Welfare Spending Up 41 Percent Under Obama
In 1964, when President Lyndon Johnson declared a “war on poverty” in America, the poverty rate stood at around 19 percent.
Since then, total federal, state, and local spending on anti-poverty programs has amounted to $15 trillion, yet the poverty rate now stands at 15.1 percent, the highest level in nearly a decade.
“Clearly we are doing something wrong,” according to the Cato Institute, which has released a new policy analysis on welfare spending that calls the war on poverty a “failure.”
The federal government will spend more than $668 billion on anti-poverty programs this year, an increase of 41 percent or more than $193 billion since President Barack Obama took office. State and local government expenditures will amount to another $284 billion, bringing the total to nearly $1 trillion — far more than the $685 billion spent on defense.
Federal, state and local governments now spend $20,610 a year for every poor person in the United States, or $61,830 for each poor family of three.
“Given that the poverty line for that family is just $18,530, we should have theoretically wiped out poverty in America many times over,” writes Michael Tanner, director of health and welfare studies at the Cato Institute and author of “The Poverty of Welfare: Helping Others in Civil Society.”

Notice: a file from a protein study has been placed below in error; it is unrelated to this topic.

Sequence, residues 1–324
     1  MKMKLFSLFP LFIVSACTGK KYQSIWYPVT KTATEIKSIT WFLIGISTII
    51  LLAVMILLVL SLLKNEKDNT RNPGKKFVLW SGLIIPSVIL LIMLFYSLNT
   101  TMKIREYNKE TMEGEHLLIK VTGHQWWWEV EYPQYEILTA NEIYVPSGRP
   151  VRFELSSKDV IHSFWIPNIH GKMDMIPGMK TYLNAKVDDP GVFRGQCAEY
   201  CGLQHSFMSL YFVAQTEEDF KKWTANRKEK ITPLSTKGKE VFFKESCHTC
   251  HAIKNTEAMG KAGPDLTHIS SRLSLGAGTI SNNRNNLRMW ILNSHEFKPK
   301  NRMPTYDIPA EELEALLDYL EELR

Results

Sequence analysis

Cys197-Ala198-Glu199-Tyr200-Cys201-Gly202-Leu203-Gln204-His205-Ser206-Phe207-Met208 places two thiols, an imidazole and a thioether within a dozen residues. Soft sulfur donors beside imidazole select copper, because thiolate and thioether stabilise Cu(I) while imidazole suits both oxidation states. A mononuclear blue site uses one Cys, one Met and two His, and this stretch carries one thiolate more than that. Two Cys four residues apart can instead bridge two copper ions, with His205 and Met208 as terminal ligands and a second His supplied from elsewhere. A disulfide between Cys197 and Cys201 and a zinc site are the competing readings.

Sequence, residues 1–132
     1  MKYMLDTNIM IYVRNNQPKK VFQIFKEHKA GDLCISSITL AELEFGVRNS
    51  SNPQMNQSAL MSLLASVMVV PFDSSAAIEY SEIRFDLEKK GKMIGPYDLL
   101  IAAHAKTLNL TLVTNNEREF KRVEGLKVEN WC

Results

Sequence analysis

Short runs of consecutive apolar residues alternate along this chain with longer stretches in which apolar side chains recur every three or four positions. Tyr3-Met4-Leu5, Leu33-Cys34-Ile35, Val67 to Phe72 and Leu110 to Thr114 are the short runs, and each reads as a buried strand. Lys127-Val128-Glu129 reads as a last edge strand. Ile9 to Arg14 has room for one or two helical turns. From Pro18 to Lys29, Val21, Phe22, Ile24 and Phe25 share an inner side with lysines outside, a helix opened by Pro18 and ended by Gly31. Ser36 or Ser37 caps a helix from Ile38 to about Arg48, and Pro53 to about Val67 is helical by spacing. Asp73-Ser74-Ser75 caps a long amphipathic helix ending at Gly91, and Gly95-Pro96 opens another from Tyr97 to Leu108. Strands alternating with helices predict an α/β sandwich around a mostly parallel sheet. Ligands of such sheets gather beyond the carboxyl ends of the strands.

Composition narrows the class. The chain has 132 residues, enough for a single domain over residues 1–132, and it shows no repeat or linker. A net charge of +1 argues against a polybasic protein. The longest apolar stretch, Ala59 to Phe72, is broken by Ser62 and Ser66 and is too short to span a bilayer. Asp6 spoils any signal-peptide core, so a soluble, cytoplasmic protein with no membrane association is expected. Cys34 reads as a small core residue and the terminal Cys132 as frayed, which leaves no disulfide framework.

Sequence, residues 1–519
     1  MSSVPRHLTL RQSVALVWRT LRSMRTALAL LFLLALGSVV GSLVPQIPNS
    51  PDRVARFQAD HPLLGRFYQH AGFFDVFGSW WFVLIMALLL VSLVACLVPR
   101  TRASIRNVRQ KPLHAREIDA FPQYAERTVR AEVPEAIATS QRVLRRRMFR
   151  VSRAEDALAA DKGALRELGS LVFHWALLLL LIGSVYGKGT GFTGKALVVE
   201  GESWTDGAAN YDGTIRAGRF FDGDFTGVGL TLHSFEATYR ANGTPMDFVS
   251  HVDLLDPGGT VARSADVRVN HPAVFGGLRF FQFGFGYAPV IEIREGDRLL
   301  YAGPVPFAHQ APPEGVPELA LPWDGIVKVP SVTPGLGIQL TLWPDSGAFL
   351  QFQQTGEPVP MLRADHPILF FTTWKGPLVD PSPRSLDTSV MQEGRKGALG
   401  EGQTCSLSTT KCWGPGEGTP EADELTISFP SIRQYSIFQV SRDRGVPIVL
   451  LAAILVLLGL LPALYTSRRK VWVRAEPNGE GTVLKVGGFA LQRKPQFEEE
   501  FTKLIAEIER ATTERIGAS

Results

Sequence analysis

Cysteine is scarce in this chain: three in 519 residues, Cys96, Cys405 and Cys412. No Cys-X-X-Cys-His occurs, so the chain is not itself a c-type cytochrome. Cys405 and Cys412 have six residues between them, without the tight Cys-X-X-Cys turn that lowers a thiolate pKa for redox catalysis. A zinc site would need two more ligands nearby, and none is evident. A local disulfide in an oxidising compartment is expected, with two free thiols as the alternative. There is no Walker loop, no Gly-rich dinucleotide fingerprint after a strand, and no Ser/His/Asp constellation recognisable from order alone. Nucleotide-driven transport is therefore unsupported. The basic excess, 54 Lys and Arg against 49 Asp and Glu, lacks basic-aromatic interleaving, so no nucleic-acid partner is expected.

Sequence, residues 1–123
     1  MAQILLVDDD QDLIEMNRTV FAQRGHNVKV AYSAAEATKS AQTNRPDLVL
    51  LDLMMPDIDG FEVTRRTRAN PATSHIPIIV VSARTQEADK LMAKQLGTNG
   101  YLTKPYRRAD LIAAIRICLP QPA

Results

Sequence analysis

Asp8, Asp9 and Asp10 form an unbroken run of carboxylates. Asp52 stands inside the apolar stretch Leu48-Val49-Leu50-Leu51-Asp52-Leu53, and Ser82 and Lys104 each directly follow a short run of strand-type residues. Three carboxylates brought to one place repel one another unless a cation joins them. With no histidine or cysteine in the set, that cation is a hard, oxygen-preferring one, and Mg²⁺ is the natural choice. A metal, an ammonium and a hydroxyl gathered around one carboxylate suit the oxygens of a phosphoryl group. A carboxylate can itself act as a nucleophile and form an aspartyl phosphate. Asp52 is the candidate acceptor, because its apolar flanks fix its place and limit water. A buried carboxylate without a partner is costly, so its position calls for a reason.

Most welfare programs are means-tested programs providing cash, food, housing, medical care, or other benefits to low-income persons and families, or programs targeted at communities or disadvantaged groups, such as the homeless.
The federal government alone now funds 126 separate and often overlapping programs designed to fight poverty, Tanner points out.
There are 33 housing programs run by four different cabinet departments, 21 programs providing food or food-purchasing assistance administered by three different federal departments and one independent agency, and eight healthcare programs administered by five separate agencies within the Department of Health and Human Services.
The largest welfare program is Medicaid, which provides benefits to 49 million Americans and cost more than $228 billion last year, followed by the food stamps program, with 41 million participants and a price tag of nearly $72 billion. Other programs range from Federal Pell Grants ($41 billion) down to lower-cost programs such as Weatherization Assistance for Low Income Persons ($250 million) and the Senior Farmers Market Nutrition Program ($20 million).
At least 106 million Americans receive benefits from one or more of these programs. Including entitlements such as Social Security and Medicare and salaries for government employees, more than half of Americans now receive a substantial portion of their income from the government.
“Clearly we are spending more than enough money to have significantly reduced poverty, yet we haven't,” Tanner concludes.
“The vast majority of current programs are focused on making poverty more comfortable rather than giving people the tools that will help them escape poverty.
“And we actually have a pretty solid idea of the keys to getting out of and staying out of poverty: finish school, do not get pregnant outside marriage, and get a job, any job, and stick with it.”
That's one way to keep lazy people voting for you.